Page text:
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Children’s Law Center Clinic

Clinic students participate in preparing and presenting cases involving children and teenagers, such as education rights, delinquency, custody, and access to social services. Students can develop skills – including interviewing, investigating, negotiating, and litigating – that apply to many adversarial situations in addition to children’s law.


Professor Amy Halbrook

“Students in the Children's Law Center Clinic learn to be competent, zealous advocates and creative problem solvers. They work with professionals across disciplines, including social workers, physicians, educators and other service providers to ensure the best outcomes for their clients.”

     – Professor Amy Halbrook, clinic director 


Kentucky Innocence Project

Students assist the Kentucky Department of Public Advocacy by investigating credible claims of inmates that they were erroneously convicted of a crime they did not commit. Students interview prisoners and witnesses, examine alleged crime scenes, locate and analyze possible evidence, and prepare relevant documents. Skills students develop can apply in criminal law or civil practices.


Professor Michael Mannheimer

“In the Kentucky Innocence Project, students learn how to figure out the facts of a case, something they don’t get in their doctrinal courses. They read police reports and other file papers, interview the client and witnesses, and visit the crime scene. This builds important fact-investigation skills that lawyers need, no matter what type of law they practice.”

     – Professor Michael Mannheimer, project coordinator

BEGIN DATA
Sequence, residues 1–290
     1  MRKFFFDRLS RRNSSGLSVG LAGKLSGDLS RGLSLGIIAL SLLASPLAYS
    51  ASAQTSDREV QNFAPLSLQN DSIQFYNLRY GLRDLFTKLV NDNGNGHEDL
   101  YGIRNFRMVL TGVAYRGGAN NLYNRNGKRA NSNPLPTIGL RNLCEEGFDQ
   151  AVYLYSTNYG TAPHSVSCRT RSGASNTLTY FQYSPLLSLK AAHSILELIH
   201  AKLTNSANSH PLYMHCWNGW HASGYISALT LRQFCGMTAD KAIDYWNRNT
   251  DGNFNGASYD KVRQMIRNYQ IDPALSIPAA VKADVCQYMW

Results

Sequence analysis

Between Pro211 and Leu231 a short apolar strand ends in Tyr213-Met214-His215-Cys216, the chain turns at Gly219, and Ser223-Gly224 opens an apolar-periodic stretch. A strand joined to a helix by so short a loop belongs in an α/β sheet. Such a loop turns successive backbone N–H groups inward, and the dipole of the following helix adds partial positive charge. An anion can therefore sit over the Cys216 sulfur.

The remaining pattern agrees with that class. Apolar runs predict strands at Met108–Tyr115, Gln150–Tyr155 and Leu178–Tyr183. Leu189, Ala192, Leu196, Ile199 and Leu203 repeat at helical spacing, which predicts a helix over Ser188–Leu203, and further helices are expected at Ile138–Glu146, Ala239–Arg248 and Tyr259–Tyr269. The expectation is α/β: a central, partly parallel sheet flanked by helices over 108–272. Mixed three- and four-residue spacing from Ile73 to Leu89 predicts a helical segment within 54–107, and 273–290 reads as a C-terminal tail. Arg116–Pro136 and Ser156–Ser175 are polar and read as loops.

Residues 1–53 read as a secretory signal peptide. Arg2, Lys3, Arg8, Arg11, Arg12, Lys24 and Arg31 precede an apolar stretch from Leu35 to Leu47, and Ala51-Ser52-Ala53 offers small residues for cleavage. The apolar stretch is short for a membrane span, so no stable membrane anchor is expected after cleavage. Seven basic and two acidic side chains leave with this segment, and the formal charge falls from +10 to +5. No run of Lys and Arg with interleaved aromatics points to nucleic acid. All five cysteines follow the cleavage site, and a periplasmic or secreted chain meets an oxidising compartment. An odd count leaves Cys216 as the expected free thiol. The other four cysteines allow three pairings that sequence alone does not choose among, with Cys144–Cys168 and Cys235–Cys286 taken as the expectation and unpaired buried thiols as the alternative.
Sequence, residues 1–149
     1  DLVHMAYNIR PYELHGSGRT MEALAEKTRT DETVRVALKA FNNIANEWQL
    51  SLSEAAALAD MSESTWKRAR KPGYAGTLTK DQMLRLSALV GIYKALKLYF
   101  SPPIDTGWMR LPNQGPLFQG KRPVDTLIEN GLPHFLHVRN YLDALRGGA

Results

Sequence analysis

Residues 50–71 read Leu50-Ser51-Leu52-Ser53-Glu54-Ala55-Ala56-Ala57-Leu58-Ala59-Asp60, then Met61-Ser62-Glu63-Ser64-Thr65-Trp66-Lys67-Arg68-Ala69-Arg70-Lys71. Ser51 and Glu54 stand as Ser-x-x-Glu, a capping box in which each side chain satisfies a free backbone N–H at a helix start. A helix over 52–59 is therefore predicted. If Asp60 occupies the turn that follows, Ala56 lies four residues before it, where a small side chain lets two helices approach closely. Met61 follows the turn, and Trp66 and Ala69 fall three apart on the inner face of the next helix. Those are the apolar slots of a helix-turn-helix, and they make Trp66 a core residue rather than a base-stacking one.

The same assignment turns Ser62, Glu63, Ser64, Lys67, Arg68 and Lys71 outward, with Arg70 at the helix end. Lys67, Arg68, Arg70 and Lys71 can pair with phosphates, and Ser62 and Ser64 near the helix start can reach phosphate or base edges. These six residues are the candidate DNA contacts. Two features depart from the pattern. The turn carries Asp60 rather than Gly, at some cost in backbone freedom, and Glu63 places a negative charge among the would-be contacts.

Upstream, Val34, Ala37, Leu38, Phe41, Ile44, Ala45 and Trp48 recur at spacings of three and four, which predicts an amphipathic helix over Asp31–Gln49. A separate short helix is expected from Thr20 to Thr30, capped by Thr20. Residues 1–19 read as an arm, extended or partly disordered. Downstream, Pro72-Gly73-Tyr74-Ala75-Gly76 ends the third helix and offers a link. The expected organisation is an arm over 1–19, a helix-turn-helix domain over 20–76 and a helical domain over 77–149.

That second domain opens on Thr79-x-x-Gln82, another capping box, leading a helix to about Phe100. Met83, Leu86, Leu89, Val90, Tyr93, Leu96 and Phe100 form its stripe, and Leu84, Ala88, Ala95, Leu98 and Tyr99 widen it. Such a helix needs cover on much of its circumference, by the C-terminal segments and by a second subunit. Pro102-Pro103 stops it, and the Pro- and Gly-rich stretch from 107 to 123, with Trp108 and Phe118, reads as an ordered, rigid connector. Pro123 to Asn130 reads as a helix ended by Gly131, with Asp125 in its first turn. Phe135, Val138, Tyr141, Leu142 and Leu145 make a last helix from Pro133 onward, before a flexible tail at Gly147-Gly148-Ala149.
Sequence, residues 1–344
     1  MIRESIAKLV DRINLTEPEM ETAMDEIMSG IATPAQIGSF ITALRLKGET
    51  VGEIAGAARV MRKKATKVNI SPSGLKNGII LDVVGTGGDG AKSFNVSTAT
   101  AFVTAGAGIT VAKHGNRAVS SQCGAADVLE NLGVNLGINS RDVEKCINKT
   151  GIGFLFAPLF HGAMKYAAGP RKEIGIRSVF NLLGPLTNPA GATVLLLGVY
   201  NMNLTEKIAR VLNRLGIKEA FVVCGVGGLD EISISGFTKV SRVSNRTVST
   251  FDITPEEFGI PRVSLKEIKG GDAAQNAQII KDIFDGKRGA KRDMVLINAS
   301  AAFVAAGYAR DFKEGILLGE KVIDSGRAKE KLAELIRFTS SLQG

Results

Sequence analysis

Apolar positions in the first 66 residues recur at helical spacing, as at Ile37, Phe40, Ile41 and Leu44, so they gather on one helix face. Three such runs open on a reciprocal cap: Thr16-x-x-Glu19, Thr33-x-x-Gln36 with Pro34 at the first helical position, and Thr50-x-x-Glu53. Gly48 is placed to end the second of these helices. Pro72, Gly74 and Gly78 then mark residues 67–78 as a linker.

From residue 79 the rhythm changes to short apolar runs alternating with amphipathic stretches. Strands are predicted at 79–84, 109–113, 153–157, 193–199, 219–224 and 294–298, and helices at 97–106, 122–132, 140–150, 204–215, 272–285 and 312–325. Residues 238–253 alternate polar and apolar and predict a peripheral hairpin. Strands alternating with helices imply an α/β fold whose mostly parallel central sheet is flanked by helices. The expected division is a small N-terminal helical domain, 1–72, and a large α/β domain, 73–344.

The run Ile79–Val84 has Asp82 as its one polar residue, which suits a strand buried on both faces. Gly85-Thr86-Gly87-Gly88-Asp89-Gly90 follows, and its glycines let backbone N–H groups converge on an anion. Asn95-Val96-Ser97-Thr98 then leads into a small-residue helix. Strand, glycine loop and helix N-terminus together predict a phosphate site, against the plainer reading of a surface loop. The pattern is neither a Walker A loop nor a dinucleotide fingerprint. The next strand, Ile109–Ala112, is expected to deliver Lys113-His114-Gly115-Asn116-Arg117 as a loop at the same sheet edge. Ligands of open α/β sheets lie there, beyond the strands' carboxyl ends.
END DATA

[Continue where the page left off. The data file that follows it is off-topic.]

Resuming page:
Sixth Circuit Clinic
Clinic students gain practical appellate-level experience by working with judges, lawyers, and clients in the United States Court of Appeals for the Sixth Circuit, based in Cincinnati. Overall, the clinic helps students develop skills for identifying issues, doing legal research, and drafting and preparing for oral arguments. 

Small Business & Nonprofit Law Clinic
The NKU Chase Small Business and Nonprofit Clinic allows Chase students to learn transactional law by doing real legal work for real clients. The course combines supervised client representation with classwork to provide students with opportunities to develop foundational legal skills such as interviewing, client counseling, and drafting. The Clinic serves small businesses and nonprofit organizations in the Northern Kentucky area.Clinic Director Chris Muzzo has been involved with the clinic since 2018, serving as director since 2021. Professor Muzzo spent the first 25 years of his legal career in private practice, handling commercial litigation and transactional work for business clients ranging from individuals to Fortune 50 companies. He shares his decades of experience with the students as they work together to find solutions for the Clinic clients. Professor Muzzo has assembled a team of volunteer lawyers with key specialties, including nonprofit law and IP, to help supervise the students in matters involving those areas.
Professor Chris Muzzo

“The Clinic is all about having our students do actual legal work for real clients. Clinic students meet with clients, hear their stories and their needs, and craft legal solutions that help the clients to thrive. Everything we do is focused on getting our students that real-world experience.”

  – Professor Christopher Muzzo, clinic director

Constitutional Litigation Clinic
The clinic, which is not enrolling students for the 2023-24 academic year, represents prisoner and former offenders in Ohio and federal courts on claims that their civil rights were violated by abuse or other means while incarcerated. Students who have been enrolled handled all aspects of a case, beginning with client interviews and continuing, with a limited law license, through trial and appeal.